The “Front Door to ____” Urban Ultra Series
My 20s were littered with Alaskan adventures. Things like 100+ mile off-trail multi-sport wilderness races, obscure marathons and ultras year round, bikepacking on glaciers and climbing frozen waterfalls. Growing up in Alaska’s interior is sort of like growing up ultra-Orthodox in Williamsburg, at some point during adolescence you start to comprehend that choices made by an earlier generation put your most crucial years of development in an all-immersive environment several deviations from the norm. Just like growing up in an insular Hasidic community, an Alaskan upbringing has its pros and cons. The obvious pros include a closeness to raw wilderness, big mountains, and unadulterated exploration. There are other pros too, like a deep sense of individuality and you can play the drums at 2 a.m. without upsetting your neighbors – because you don’t have any. The cons include grocery store produce so devoid of nutrients you’ll probably develop scurvy, being disconnected from everything that’s actually happening in the world, and air that assaults your skin 8 months out of the year.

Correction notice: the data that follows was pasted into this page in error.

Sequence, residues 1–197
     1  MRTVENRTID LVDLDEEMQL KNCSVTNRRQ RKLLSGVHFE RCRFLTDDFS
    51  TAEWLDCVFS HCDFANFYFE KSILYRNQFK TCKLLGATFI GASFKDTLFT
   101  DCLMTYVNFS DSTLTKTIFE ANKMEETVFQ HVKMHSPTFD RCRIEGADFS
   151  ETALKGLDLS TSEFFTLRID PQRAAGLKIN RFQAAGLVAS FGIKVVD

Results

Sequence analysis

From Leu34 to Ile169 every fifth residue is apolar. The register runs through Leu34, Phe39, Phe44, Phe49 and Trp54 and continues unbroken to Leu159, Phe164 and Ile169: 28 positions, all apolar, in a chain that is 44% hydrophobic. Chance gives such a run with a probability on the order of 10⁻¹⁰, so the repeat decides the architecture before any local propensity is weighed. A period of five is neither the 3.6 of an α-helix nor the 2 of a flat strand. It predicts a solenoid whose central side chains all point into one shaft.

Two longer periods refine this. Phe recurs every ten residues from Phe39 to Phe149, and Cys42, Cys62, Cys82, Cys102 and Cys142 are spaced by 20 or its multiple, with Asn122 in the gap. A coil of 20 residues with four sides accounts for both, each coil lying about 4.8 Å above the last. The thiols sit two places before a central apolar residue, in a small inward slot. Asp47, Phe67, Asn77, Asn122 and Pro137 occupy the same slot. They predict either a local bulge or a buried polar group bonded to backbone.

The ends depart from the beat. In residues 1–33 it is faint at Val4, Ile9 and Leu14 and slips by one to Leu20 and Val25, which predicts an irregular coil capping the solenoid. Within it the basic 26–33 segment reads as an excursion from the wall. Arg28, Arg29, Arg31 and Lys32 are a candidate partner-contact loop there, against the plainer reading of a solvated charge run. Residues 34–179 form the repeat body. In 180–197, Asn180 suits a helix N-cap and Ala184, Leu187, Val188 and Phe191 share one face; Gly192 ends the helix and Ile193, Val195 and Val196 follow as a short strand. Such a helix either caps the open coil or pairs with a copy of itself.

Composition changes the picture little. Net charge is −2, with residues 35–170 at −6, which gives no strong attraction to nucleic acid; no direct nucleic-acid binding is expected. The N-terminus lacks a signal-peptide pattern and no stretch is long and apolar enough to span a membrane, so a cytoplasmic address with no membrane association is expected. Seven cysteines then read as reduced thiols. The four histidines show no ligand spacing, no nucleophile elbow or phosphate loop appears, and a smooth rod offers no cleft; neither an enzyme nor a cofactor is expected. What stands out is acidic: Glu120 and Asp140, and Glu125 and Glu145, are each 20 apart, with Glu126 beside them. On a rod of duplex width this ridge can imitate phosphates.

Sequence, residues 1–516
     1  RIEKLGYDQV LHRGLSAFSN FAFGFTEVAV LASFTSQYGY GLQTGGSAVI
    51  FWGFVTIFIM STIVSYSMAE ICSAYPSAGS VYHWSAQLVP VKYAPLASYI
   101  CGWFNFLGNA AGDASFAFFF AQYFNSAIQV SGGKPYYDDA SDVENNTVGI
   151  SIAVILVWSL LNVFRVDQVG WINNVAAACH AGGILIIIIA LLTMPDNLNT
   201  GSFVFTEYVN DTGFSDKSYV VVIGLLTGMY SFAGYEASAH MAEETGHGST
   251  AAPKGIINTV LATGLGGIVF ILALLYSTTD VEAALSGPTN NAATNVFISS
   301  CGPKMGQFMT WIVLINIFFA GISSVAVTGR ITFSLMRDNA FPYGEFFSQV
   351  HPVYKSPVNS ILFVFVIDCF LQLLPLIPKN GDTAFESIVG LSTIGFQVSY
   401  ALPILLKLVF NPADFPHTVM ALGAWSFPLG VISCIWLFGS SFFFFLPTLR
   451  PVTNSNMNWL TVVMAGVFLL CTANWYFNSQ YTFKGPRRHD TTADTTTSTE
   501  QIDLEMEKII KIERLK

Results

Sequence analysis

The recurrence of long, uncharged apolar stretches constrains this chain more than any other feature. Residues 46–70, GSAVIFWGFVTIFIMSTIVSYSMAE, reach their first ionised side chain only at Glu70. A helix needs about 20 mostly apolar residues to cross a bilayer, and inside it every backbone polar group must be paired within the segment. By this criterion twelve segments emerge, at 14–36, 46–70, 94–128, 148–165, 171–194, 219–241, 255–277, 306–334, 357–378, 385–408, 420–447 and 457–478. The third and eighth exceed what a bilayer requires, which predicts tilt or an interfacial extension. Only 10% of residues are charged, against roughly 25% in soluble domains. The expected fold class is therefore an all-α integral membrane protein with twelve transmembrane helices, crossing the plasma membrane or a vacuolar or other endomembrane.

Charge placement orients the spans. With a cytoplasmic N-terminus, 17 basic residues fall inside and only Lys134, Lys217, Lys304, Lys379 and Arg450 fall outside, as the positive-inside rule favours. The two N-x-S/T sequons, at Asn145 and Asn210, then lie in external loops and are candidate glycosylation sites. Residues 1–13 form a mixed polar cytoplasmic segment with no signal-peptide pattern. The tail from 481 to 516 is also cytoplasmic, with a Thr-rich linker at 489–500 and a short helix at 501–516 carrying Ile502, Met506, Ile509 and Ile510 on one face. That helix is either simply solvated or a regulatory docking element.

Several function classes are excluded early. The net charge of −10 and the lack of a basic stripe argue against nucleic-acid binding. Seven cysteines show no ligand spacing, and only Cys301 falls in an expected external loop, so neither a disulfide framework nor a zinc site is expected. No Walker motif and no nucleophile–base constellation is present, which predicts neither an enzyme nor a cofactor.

When I left Alaska to get a PhD in Glaciology in northeast England, it was a rude awakening that: (1) social skills are key to human survival and (2) life outside of Alaska is absurdly mundane, to the point of attempting to eat a Tide Pod just so there’s something to talk about. I’m convinced that relentless political news cycles, televised sports, holiday traditions, and all other time-intensive mainstays of typical life are placeholders – filling time before the next Alaskan adventure. Unfortunately, most people, and now me as well, are likely going to be in this holding pattern for a lifetime. But this article isn’t a paid advertisement for the Alaska Tourism Bureau, it’s about how I’ve made life in the mundane work while keeping the detergent in the washing machine.
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